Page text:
If you use popular social networking sites such as Facebook and Twitter, or have Google or Yahoo accounts, you may want to closely monitor your personal information.

According to researchers at IT security firm Trustwave, nearly two million passwords have been stolen via malware attacks and posted online. Compromised data include login credentials for Facebook, Twitter, LinkedIn, Yahoo and Google.

"Unfortunately, there's no way to completely protect yourself against breaches that happen in this way," said Scott Mitic, Senior Vice President of Equifax Personal Solutions. "Having anti-virus and anti-spyware on your computer can be helpful, but they're far from 100 percent effective."

Even the most vigilant Internet user can fall victim to a malware attack. In the case of the compromised data discovered by Trustwave researchers, it's believed that a large botnet--a network of computers infected with malware--harvested the passwords from computers without users' knowledge.

Malware like this can infect computers in a number of ways. Users may click on a link, download a file or click on a suspicious website that infects their computer with malware. Once the malware is installed, it can see whatever is typed on the computer, including passwords to social networking and online banking accounts.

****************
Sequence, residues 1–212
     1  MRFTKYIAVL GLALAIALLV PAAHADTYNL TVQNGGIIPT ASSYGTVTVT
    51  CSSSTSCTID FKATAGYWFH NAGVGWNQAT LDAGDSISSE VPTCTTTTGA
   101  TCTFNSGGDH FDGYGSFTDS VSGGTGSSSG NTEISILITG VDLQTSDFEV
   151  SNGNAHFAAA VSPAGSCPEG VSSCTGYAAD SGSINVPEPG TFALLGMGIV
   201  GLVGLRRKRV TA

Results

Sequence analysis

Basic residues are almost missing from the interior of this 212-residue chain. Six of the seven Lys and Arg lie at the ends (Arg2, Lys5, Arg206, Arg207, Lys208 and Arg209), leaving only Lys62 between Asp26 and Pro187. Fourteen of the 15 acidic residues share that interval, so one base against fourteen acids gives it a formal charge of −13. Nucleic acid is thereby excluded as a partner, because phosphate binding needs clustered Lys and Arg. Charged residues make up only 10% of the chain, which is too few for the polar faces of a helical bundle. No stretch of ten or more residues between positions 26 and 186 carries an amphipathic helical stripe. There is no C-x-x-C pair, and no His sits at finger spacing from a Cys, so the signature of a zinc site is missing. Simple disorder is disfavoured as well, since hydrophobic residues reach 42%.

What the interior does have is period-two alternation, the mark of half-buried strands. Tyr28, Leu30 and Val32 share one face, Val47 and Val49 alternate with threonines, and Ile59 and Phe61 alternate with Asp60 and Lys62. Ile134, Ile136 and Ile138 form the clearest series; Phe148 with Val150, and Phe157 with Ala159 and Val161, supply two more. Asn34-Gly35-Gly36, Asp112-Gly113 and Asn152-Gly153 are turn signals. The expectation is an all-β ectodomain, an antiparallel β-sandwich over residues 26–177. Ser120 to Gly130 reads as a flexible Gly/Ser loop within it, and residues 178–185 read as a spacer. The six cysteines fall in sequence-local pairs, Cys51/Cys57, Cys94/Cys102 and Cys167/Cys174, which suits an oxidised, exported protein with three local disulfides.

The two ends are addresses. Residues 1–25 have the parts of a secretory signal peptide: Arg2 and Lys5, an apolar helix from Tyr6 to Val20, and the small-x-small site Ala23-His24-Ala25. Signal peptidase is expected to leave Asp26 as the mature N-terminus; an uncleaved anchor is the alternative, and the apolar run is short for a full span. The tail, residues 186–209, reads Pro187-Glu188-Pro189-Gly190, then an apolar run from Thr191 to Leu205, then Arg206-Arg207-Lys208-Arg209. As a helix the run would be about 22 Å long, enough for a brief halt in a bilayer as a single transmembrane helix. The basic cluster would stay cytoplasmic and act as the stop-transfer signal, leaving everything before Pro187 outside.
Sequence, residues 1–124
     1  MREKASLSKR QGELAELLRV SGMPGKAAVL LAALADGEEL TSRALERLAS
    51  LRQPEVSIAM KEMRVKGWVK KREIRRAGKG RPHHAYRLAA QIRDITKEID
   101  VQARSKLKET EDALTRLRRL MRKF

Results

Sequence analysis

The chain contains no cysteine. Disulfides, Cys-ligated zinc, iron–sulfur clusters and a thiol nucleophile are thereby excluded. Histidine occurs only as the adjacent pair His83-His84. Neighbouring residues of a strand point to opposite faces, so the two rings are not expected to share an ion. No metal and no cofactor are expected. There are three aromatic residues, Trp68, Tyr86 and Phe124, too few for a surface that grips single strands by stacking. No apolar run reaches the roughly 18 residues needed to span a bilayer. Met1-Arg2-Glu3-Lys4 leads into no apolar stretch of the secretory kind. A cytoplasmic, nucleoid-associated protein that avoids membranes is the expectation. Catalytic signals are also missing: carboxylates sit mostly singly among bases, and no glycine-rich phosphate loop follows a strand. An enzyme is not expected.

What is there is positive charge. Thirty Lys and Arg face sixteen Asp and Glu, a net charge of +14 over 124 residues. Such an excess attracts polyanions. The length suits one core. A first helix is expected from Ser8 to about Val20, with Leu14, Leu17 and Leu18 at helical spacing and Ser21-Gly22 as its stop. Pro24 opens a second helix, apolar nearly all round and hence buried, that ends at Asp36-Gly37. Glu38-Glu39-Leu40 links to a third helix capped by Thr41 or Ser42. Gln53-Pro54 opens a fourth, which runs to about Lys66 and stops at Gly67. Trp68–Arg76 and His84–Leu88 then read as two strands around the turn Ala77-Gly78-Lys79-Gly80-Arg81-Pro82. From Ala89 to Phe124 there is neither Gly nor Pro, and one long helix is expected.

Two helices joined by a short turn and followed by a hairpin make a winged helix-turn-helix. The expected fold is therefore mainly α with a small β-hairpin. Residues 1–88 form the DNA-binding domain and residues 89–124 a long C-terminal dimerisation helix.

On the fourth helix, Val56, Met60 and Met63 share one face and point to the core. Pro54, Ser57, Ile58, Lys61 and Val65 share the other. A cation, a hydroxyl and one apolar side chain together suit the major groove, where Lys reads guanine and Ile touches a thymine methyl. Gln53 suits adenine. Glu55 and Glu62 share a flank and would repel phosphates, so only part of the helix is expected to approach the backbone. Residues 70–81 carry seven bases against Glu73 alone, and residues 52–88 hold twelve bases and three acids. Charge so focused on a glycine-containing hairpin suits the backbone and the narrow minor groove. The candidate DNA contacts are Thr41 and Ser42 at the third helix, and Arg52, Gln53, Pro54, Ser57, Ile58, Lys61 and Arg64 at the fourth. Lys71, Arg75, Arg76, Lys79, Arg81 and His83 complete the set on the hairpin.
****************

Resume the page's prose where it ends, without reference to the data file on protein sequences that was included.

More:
"With the proliferation of attacks like these, it's more important than ever for consumers to take steps to help protect their identity and monitor their credit," Mitic said. "If you become a victim of identity theft due to a data breach or malware attack, it could be costly and time-consuming to clean up your credit."

In 2012 alone, $4.9 billion was stolen from consumer banking accounts through malware takeovers, according to a 2013 report by Javelin Strategy & Research.